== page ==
I lived in New York City for a brief period some time ago, and you got a clear sense of history from certain parts of the city. There was grand architecture from the 1920s, and apartments with fixtures from that same time period, steam heat for buildings, etc. Later on, work brought me to Philadelphia where the sense of history was even greater. It was the nation’s first capital, it has cobblestone streets, and dwellings dating back to the 18th and 19th centuries. However, such history is rendered modern when you visit a place like the southwestern USA.
I have visited several cities in the southwest over time, but have always wanted to ride in the area. Logistics have always prevented this, until I decided to try an option that has been around for some time. Why not rent a motorcycle? Previously, the rental business has been mostly centered around Harley Davidson bikes, and I wanted to ride a BMW. Nowadays, in most big cities, you can rent a variety of brands, and in Vegas, you can rent anything including people 😉 Renting a motorcycle is not cheap. You can rent a car for a third of the price. And the hold they put on your credit card is hefty, so beware. That said, in a crazy town like Vegas, I don’t blame anyone for building misbehavior into the price.
Armed with a loaded R1200RT, and a some time, I headed out of town before first light. The good thing about Lost Wages, NV, is that it takes all of ten minutes to be in the middle of nowhere. In my case I headed northeast for about 45 minutes and then east to my destination, Valley of Fire state park. The time scale of this region is hard to comprehend given our tiny life spans and frame of references. Millions of years ago, this park was the floor of an ocean. The movement of tectonic plates, and volcanic activity pushed the floor up and caused the ocean to recede, eventually leaving a sandy desert. But what makes this park special, is the particular combination of limestone, sand, iron oxide, manganese, etc that create a palette of colors throughout the rock formations, and give the park it’s name. The browns, reds, oranges, and yellows contrast dramatically with the surrounding monotone desert grey.
Since the park is a valley, it seems like you round a corner and suddenly descend into a color movie from one which was black and white. Perhaps the most striking aspect is that the colors can change from rock to rock mere yards apart, but they also change within a single rock. The permutations are infinite, and it makes the scenery all the more spectacular. No Hollywood movie theater with all the computer gear in the world could create something this incredible. You can literally witness the evolution of the park in the striations of the rocks long before you get to the visitors center to read about it. I was there early, so the visitors center was uncrowded. If it was not for the spectacular scenery outside, you could spend a good deal of time reading about the parks’ flora and fauna, watching short movies, etc. I was anxious to move on.
The Mouse’s Tank area of the park is a small canyon where you can take a self-guided tour of an area utilized by the Anasazi people from around 300BC to 1150AD. They left stories and artwork in the form of Petroglyphs along the walls of the canyon. I was literally walking along the same path as people 1000 years earlier with an almost identical view. There are not many places in north america where you can do this. It is believed that this site was more of a temple or cathedral than a dwelling site, and I can see why. In the early hours there were very few visitors around, and you could sit in silent reverence among the towering picturesque rock formations with a brilliant blue sky for a canopy. I left when more visitors began to appear and headed up the road to the White Domes area of the park. This area is named for the prevalent sandstone formations, which by this point are quite a contrast to the reds of Mouse’s Tank. There is a short 1.3 mile hike down into the white domes area and you can see why it was used for many western movies over the years. There is even the remains of an old movie set. The huge areas of slick rock allow you to chart your own path and include some light rock climbing into the loop.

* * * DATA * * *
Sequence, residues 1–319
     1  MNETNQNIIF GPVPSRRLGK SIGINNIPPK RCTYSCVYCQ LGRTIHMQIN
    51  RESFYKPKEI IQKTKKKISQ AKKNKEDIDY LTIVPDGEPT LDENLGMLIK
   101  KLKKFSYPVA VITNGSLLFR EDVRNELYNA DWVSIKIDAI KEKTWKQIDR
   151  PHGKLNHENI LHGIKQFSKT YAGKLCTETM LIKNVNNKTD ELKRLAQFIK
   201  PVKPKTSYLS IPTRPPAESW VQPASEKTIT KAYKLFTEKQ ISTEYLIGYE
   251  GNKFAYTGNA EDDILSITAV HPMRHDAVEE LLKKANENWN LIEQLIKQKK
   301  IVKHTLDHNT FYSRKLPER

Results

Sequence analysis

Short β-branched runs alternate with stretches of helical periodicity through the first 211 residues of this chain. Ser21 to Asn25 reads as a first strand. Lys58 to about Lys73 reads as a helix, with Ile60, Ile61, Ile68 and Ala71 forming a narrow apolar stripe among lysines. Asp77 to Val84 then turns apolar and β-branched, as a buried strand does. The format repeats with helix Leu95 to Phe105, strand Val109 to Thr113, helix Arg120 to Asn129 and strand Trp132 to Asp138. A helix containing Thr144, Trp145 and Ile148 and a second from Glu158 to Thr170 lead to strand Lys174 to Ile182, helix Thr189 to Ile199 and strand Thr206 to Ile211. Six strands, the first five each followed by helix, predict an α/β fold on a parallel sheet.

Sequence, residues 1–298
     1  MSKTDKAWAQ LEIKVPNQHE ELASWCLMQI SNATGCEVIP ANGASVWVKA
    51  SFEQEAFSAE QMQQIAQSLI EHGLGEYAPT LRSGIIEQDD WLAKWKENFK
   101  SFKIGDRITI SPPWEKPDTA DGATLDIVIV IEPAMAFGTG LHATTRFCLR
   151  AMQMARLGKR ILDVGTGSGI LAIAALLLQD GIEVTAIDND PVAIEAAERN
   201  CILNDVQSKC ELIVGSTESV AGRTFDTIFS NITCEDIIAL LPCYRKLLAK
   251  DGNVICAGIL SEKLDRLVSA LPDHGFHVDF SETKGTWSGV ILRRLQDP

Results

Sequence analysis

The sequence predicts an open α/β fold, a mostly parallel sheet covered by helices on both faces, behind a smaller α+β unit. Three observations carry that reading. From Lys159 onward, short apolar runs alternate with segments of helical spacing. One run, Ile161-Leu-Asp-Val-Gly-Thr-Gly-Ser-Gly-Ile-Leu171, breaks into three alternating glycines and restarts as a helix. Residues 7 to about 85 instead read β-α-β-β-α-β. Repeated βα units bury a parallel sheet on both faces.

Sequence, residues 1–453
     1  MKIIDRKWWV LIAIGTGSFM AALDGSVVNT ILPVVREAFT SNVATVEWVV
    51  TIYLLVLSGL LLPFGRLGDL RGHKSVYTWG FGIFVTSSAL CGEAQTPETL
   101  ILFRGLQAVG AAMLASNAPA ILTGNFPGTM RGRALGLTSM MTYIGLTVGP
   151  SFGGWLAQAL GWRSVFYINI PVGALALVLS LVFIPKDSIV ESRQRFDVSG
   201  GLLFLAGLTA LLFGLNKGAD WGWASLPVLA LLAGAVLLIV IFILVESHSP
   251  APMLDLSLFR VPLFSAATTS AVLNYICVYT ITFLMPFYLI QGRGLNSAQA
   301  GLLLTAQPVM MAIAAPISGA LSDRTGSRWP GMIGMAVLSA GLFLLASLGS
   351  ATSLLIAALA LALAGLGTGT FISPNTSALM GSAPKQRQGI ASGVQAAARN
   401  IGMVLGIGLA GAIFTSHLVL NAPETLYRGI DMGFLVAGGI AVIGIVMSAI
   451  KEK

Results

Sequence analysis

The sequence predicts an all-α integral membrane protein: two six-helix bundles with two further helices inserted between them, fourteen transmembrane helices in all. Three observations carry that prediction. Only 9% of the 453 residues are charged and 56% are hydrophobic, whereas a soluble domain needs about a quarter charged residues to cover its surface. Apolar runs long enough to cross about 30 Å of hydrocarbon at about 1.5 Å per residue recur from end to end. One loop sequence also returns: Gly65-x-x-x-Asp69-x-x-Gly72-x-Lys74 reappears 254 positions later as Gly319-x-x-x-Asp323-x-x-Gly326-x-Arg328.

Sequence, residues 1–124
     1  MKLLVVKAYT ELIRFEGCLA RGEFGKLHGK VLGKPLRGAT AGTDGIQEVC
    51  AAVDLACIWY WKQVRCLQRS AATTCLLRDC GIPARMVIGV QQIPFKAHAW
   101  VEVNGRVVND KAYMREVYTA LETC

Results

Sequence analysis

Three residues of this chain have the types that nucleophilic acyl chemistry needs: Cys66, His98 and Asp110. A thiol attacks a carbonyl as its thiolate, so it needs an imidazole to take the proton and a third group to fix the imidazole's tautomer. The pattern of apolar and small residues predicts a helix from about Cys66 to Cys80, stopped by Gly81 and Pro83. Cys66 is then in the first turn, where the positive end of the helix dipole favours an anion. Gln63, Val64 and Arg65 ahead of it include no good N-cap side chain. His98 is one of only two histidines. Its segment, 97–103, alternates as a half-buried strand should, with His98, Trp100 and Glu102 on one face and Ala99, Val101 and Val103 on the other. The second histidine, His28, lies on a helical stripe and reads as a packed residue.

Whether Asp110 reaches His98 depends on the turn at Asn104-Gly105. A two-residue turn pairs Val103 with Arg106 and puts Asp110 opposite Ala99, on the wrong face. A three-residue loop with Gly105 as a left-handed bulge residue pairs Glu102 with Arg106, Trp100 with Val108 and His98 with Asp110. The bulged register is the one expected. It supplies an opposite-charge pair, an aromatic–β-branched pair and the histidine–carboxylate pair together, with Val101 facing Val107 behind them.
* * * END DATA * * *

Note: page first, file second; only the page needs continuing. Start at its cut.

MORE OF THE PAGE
The park continues to deliver vistas as you head toward the eastern exit, and has inviting unpaved roads that made me wish I was aboard my GSA rather than the RT. There are cliff dwellings and juxtapositions of rock formations that will leave your digital camera out of memory if you try to capture them all. Now these are high-rise dwellings that would be worth Manhattan prices. I left the park and headed south running parallel to lake Mead. This road is a beautiful piece of asphalt with sweeping turns for 40 miles. The scenery appears milder in comparison, but it would be superb if you had not already been through the park. You can really open up the throttle and it made me long for an S1000RR rather than the RT. The road ends near the Hoover Dam and I took the short ride over only to crawl through the Dam crowded with visitors. This Dam is an impressive engineering feat, and a great accomplishment. It is a short ride back to Las Vegas, which is a city that is so colorful and modern that it stands out even in a global competition for such attributes. However, my advice is not to visit any man-made attraction, old or new, immediately before or after you visit the Valley of Fire.